N.B. He is also to bring Mr. Mercers opinion concerning the validity of a private sale made by himself.
Went down to Occoquan, by appointment to look at Colo. Cockes Cattle, but Mr. Peakes being from home I made no agreemt. for them not caring to give the price he askd for them.
Calld & dind at Captn. McCarty’s in my way home & left the order of Court appointing him and others to appraisers of Nation’s Estate (which I had sent my Boy down for) and at the same time got a promise of him to Prize & Inspect his Tobo. at the Warehouse.
Bottled 35 dozn. of Cyder, the weather very warm, & Cloudy with some Rain last Night.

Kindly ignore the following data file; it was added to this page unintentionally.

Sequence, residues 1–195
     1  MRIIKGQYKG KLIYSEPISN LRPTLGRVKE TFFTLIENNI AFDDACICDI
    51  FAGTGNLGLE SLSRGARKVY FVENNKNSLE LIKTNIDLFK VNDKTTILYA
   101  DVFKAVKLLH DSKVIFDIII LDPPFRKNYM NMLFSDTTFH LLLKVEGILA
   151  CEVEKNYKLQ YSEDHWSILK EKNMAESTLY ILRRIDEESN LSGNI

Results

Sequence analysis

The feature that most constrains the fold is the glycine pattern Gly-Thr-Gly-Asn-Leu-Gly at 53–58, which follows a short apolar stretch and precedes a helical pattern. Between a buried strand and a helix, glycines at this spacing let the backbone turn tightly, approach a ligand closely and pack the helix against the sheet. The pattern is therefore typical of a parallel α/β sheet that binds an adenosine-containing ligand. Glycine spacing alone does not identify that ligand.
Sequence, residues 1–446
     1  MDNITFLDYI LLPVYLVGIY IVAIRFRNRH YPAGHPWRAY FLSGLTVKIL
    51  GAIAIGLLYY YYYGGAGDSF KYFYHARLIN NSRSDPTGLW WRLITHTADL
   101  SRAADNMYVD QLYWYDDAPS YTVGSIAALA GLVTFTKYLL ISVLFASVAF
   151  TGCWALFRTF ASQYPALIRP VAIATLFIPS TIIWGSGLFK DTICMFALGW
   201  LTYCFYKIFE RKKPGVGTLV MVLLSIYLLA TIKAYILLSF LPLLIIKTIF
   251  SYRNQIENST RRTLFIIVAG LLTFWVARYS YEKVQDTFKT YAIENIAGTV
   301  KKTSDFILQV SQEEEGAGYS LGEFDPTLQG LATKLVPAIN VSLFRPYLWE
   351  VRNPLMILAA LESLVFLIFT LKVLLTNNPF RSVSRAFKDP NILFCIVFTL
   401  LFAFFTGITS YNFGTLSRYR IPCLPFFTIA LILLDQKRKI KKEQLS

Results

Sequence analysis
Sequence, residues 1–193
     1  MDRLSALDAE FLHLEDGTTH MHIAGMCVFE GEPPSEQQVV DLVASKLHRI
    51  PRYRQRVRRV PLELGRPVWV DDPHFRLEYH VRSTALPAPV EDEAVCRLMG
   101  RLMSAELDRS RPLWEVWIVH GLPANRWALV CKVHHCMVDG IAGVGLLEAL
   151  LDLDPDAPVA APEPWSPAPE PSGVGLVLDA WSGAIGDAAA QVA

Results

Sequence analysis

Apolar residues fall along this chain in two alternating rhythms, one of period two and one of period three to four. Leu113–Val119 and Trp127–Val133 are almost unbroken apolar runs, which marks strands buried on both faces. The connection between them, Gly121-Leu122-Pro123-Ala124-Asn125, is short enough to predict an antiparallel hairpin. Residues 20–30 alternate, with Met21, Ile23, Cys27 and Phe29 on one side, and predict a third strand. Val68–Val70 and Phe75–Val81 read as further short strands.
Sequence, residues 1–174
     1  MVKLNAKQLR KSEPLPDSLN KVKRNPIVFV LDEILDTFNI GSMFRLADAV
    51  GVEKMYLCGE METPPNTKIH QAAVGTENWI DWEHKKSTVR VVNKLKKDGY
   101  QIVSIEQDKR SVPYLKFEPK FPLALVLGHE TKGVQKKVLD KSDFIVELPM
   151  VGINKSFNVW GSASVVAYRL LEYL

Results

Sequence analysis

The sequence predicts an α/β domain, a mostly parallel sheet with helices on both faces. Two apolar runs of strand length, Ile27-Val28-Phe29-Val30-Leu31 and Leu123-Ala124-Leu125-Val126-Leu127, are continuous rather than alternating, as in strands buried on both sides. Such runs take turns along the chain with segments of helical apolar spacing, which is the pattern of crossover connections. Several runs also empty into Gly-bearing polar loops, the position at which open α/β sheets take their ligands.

The “Gentlemen of Maryland” who held mortgages were Charles Carroll (1702–1782) of Annapolis, Benjamin Tasker (1690–1768) of Anne Arundel County, and William Digges, Ignatius Digges, and John Addison, all of Prince George’s County. The Carroll and Digges families of Maryland had married into the Brent family of Maryland and Virginia, and all of these parties were now in the fifteenth year of a struggle over Clifton’s Neck, producing a maze of lawsuits involving leases, inheritances, mortgages, injunctions, and ejectments. Clifton’s suit for a final settlement in Virginia’s General Court (sitting in chancery) was now awaiting the report of court-appointed commissioners, one of whom was GW.